The digital media marketplace of the future will be built on strong, transparent relationships throughout the ecosystem. Prompted by new data privacy laws, plus new restrictions on the use of third-party cookies and other personal ID signals, publishers are increasingly shifting from third-party data to forms of first-party data to help nurture relationships with advertisers and consumers.
For the past two years, publishers have been hyper-focused on first-party data: how to build it; how best to monetize it and how to expose it to other parties in the ecosystem. Essentially looking at ways to build new revenue streams that will help secure the future of publishers beyond the demise of third-party cookies.
Shifting beyond the SSP
Traditionally, major publishers have employed a range of supply-side platforms (SSPs) to organize their inventory into particular ad ‘slots’ and deals, whereas advertisers can use demand-side platforms (DSPs) to coordinate and execute their creatives and campaigns.
SSPs and DSPs are typically individual companies specializing in either the sell-or demand-side of the business. However, with publishers often working with several SSPs, supply chains have become fragmented and opaque, severing the buy and sell sides of the industry.
Against the background of cookie deprecation and heightened data privacy concerns, the siloed approach to SSPs becomes less appealing to publishers. This fragmentation leads to a lack of oversight and fee transparency, resulting in difficulties with brand safety, privacy and audience targeting. The larger the number of parties involved in a transaction, the greater the chance of hard-earned first-party data leaking beyond the owner’s intended boundaries.
Given the new importance of first-party data, this fragmentation makes it harder to run effective campaigns. In fact, it’s reasonable to say that the usefulness of first-party data relies on close partnerships. In response, publishers need to follow the buy-side move towards greater transparency and look beyond SSPs and towards platforms that provide direct access to quality advertisers.
Moving to a platform first model
One solution to the fragmentation issue is for publishers to meet their buyers via an end-to-end ad tech platform. End-to-end platforms offer both SSP and DSP functionality.
From a data privacy perspective, end-to-end platforms have a clear advantage. Platforms that connect buyers to sellers directly offer peace of mind as the first-party data of both a publisher and advertiser can be closely managed. Using one platform provides users with access to high-quality data and far greater control over partnerships between advertisers, agencies and publishers. Data can be used safely and in compliance with regulations, providing as much campaign oversight as possible.
In 2022 publishers need to understand what exactly has been happening in the gap between the DSP and SSP and then look at what elements they want to regain control over. End-to-end platforms designed to unify the buy and sell-side into one marketplace can help to optimize this process.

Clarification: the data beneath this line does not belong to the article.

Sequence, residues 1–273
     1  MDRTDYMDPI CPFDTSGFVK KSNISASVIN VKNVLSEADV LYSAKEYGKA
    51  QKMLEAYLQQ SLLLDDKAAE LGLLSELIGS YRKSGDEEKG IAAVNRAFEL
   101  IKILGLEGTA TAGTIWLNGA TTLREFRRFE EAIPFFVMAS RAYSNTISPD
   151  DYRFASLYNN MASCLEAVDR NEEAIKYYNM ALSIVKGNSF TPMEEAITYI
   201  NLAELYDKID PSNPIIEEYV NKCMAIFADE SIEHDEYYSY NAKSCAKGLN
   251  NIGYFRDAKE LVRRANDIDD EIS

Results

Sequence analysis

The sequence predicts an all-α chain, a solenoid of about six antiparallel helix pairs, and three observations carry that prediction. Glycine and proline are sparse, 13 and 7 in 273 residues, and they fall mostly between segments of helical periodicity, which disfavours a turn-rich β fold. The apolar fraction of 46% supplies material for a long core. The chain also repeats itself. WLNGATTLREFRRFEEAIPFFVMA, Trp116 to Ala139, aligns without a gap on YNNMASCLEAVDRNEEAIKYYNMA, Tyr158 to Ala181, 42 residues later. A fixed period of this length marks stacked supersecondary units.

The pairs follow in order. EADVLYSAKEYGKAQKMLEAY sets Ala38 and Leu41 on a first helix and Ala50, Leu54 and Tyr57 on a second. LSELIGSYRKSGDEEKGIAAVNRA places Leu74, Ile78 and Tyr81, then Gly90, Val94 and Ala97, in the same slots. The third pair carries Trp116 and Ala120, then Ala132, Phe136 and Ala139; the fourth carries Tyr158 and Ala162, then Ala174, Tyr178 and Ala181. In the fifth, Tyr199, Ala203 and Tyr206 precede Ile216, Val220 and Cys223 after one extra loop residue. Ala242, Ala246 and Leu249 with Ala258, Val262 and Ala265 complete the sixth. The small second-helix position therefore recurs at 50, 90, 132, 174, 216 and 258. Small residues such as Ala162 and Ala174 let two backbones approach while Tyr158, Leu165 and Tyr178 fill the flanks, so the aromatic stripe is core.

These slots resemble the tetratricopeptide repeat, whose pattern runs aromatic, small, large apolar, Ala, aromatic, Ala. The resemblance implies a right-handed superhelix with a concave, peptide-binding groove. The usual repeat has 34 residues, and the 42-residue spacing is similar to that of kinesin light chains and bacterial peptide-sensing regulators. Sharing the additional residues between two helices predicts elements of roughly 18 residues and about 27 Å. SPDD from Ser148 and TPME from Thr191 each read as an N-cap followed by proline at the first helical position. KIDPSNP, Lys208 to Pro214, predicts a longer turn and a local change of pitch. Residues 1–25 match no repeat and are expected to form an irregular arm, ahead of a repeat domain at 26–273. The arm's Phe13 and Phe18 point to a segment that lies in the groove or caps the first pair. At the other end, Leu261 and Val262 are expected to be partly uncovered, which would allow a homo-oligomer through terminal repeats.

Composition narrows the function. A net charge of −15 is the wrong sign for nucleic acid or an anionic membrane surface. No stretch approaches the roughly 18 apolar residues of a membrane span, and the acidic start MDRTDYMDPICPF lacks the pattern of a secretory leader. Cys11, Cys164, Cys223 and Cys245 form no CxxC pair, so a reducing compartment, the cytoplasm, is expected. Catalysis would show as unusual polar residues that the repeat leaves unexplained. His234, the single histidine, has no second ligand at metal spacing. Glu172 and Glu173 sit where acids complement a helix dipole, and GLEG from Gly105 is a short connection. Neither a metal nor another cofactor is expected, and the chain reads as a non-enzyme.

Brand advertisers and their agencies are becoming a lot savvier about optimizing their supply chain and publishers are proactively exploring the ways they can leverage the highly valued rich user data at their disposal. That data is arguably the single greatest asset publishers have right now.
A question of choice
Although an end-to-end platform offers some clear advantages to players wanting to exert more control, the programmatic ecosystem has never been more important in supporting and developing the open internet. Any end-to-end platform that wants to facilitate the privacy-first movement must incorporate choice for publishers and advertisers into everything they do. Rather than just another ‘walled garden’, an end-to-end platform should offer publishers access to a carefully curated marketplace of high-quality brand advertisers, with enough flexibility built-in to develop tailored deals and closer direct relationships with a diverse range of media.
The move to an end-to-end platform may seem daunting to some publishers. Fortunately, end-to-end platforms typically employ consultants who provide their publisher clients with guidance and support. They follow the entire trajectory of an ad; from request to render. They understand the practices and expectations of publishers around how users’ data should be protected, but also understand the needs of advertisers striving to increase the return on their investments.
The digital marketing industry is undergoing a seismic shift that provides publishers with a unique opportunity to strengthen their position in the ecosystem. Making the most of that opportunity will require publishers to take greater control of their ad sales and extend their vision beyond the parameters of their SSPs.
Anne Claire Chenu
Senior Commercial Director, Xandr
Part of Microsoft, Xandr powers a global marketplace for premium advertising. Its data-enabled technology platform, encompassing Xandr Invest and Xandr Monetize, optimizes return on investment for both buyers and sellers.